While they were hunting for the boys, Tom and Frank had been made prisoners by a red-bearded man whom they knew was one of the gang. They had been placed on a submarine where Van Brunt confronted them, admitting he was a member of the “reds” and had purposely betrayed the boys. From the submarine they were taken to a locked cabin on a vessel and later were rescued in a most astounding manner by Sam, the Bahaman, who also killed Van Brunt. During their imprisonment the boys had overheard a plot to capture the other members of the party by means of a decoy letter and reaching their friends safely Tom and Frank related their tale in time to save the others from falling into the scoundrels’ trap. Soon afterwards a destroyer, which was in constant touch with the schooner by radio, arrived in response to Mr. Pauling’s summons. The tramp, in a last desperate attempt to escape, tried to run down the schooner but failed owing to Rawlins’ quick wit. Then, turning, the tramp endeavored to leave the harbor by a narrow entrance, but was sunk by a shot from the destroyer’s guns.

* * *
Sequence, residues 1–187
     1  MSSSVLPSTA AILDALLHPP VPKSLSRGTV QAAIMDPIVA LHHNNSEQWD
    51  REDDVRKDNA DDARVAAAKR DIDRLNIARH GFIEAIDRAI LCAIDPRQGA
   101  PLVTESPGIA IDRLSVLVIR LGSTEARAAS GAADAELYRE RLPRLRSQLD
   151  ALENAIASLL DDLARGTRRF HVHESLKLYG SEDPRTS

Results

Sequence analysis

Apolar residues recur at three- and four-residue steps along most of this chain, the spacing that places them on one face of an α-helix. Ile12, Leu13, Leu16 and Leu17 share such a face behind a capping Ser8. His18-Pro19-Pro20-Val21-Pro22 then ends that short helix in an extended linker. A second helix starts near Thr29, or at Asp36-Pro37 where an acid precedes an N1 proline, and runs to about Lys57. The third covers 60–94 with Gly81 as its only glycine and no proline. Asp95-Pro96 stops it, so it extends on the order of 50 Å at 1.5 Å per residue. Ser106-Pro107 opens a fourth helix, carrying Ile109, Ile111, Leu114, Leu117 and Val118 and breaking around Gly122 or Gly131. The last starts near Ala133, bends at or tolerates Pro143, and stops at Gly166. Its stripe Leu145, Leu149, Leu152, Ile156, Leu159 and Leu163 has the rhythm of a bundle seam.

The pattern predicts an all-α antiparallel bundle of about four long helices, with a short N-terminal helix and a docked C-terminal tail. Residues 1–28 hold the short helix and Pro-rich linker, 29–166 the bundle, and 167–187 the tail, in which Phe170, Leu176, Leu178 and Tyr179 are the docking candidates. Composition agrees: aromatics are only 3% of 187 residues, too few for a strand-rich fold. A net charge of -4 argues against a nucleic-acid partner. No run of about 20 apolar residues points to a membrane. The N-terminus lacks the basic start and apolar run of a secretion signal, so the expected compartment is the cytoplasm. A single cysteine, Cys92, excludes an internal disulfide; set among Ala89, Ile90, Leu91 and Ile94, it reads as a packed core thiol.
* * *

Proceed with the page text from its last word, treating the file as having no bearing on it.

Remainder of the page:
From the boys’ descriptions and Sam’s discoveries the Americans learned that the tramp was a “mother ship” for the submarine with a huge cradle or opening in the hull wherein the underseas boat could rest and be carried from place to place. But although a search was made of the wrecked tramp no trace of either the submarine or of bodies could be found. Mr. Pauling and the others felt convinced, however, that the leader of the gang was still at large and while discussing this matter their attention was drawn to a seaplane which they decided was a United States government machine sent from Porto Rico or St. Thomas to learn the cause of the explosion.